Prudential Investment Management Chief Executive Officer David Hunt says the No. 1 concern among bond buyers globally is liquidity and its rapid disappearance.
“The biggest worry of the buy side around the world is that there has been a dramatic decline in liquidity from the sell side for many fixed income products,” said Hunt, 53, who heads Prudential Financial Inc.’s investment management unit, which had $934 billion in assets at the end of 2014. “I think it’s a big risk and is one of the unintended consequences” of regulators trying to prevent another financial crisis, he said.
While the size of the U.S. bond market has swelled 23 percent since the end of 2007 through the end of last year, trading has fallen 28 percent in the period, Securities Industry & Financial Markets Association data show, as regulators, seeking to reduce risk, have made it less attractive for banks to hold an inventory of tradable bonds. JPMorgan Chase & Co. Chief Executive Officer Jamie Dimon warned in a report last week the next financial crisis could be exacerbated by a shortage of U.S. Treasuries.
“If we had a major political event or something that caused rates to spike and traders needed to get out of the current position they have, and there was a lot of people that wanted to do that, I think it would be quite difficult,” Hunt, in Tokyo last week for various management meetings, said. He declined to comment on what measures Prudential is taking to lower liquidity risk, saying that information was sensitive from a competitive perspective.
The liquidity drain in bond markets spans Treasuries to corporate notes, Dimon said in a letter to shareholders dated April 8. “Liquidity can be even more important in a stressed time because investors need to sell quickly, and without liquidity, prices can gap, fear can grow and illiquidity can quickly spread,” he wrote. “The likely explanation for the lower depth in almost all bond markets is that inventories of market-makers’ positions are dramatically lower than in the past.”
Inventories are lower, Dimon said, because of multiple new rules that affect market making, including “far higher” capital requirements. The total inventory of Treasuries readily available to market makers today is $1.7 trillion, according to JPMorgan, down from $2.7 trillion at its peak in 2007.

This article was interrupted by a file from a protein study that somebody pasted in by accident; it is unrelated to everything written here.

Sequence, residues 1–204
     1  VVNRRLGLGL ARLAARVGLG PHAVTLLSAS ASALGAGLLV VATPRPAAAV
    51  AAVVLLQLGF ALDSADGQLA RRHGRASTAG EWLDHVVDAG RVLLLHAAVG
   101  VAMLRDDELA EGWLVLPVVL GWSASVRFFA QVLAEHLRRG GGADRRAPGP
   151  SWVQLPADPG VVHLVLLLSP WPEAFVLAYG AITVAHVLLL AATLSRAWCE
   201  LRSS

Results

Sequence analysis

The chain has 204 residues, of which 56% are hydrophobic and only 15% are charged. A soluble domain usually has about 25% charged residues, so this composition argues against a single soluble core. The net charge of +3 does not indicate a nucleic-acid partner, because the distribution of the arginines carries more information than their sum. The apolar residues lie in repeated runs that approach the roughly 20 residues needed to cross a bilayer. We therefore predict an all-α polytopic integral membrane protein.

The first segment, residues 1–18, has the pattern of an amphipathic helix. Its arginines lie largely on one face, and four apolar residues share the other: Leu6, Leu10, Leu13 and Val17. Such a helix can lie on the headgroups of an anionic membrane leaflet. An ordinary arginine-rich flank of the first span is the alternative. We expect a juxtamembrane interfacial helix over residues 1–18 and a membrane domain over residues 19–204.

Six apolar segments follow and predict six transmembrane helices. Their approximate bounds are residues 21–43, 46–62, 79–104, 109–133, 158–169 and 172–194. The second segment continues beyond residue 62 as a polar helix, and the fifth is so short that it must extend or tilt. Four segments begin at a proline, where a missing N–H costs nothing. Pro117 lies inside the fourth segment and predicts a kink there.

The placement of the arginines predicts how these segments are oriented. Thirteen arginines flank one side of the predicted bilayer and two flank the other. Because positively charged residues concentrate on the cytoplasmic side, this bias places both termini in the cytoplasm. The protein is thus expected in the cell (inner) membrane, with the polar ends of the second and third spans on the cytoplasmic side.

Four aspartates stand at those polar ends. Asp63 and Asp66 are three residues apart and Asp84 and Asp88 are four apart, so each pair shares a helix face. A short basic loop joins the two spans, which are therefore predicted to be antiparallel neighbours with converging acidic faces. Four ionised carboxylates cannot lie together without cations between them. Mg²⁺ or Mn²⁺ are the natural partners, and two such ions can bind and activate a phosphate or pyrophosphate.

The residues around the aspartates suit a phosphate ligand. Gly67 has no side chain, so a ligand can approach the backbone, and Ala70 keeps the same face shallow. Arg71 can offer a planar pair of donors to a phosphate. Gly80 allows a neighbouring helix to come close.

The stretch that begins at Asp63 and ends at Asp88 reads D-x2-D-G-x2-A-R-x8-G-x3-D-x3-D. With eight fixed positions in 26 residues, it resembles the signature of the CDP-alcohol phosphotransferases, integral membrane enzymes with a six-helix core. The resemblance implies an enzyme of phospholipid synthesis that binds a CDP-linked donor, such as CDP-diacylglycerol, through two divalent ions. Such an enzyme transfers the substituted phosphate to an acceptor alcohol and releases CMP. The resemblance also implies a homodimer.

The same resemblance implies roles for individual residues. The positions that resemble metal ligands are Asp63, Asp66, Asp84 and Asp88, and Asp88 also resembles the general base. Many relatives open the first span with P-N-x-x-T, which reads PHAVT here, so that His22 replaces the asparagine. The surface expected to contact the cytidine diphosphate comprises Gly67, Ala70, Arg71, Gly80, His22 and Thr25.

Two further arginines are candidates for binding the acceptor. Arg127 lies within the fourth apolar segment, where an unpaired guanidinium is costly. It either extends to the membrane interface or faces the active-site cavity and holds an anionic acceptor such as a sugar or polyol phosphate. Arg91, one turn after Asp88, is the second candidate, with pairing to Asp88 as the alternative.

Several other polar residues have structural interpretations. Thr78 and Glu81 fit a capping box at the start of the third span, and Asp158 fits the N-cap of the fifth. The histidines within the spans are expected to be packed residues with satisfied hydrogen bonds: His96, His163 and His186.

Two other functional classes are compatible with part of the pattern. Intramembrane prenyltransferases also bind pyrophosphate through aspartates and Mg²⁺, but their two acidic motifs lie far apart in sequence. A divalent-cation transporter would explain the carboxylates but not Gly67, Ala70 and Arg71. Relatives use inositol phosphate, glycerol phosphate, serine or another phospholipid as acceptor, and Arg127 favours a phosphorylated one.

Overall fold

Erik Schiller, a money manager for Prudential’s more than $500 billion fixed-income unit, said that he’s been using futures more because they offer fast and anonymous trade execution during big market swings.
One measure of Treasury dealers’ trading activity has fallen closer to its financial-crisis levels. Deutsche Bank AG’s index that gauges liquidity by comparing the three-month average size of dealer trades against moves in the 10-year note’s yield declined to about 25 in February. It was above 500 in 2005, and reached as low as 19 in 2009 during the depths of the financial crisis.
Federal Reserve Bank of New York Executive Vice President Simon Potter said Monday in New York that new bank rules and automated trading could be sapping U.S. Treasury market liquidity and may spur more volatility.
Although lower commodity prices and productivity gains are spurring economic growth in many parts of Europe, central bank stimulus globally has created fragility that over time will lead to more volatility in markets, Hunt said in the April 10 interview. “We’ve started to see more very cursory underwriting that is happening in the market and that does concern us,” he said.
Hunt, who joined Newark, New Jersey-based Prudential Investment as CEO in November 2011 from McKinsey & Co., said “without a doubt” the firm’s “favorite move at the moment is in the U.S. corporate credit market.” Interest rates in the U.S. will probably remain low for some time even with a probable rate increase by the Fed in the second half, he said.
“They’ll move a little bit and then they are going to wait and watch and they may not move again for a bit, so we are again quite sanguine,” Hunt said. “I think they don’t want to move too quickly and bring on any kind of recessionary force.”
Slowing growth in China will help keep inflation down and disappoint some who are betting on increased demand from the world’s second-biggest economy based on past data, Hunt said.
“There is serious overcapacity driven by building for a China that is probably not going to quite come into fruition,” Hunt said. “There’s overcapacity in a lot of the world’s industries that will be laid bare by these lower rates.”
Prudential is more optimistic than many about recovery prospects in Japan and Europe and is overweight equities from those areas. Prudential also likes high-yield bonds in the U.S. not tied to the energy sector, he said.
Assets at Prudential’s fixed-income business rose to $543 billion at the end of December, up from $418 billion in March in 2014, the company’s website shows. Following the surprise exit of co-founder Bill Gross from Newport Beach, California-based Pacific Investment Management Co. last year, the Pimco Total Return Fund alone suffered more than $100 billion in redemptions. Pimco’s troubles left him with mixed emotions, Hunt said.
“It is never a good thing, when I would say, a deeply respected firm and a firm that had done extremely well by its clients for many, many years comes a bit unstuck,” he said. “That said, there has been a lot of money that has moved and I do feel quite good that we’ve gotten our fair share of that money that has come out. But I would say that we are also happy to see that the firm seems to have stabilized and we wish them well.”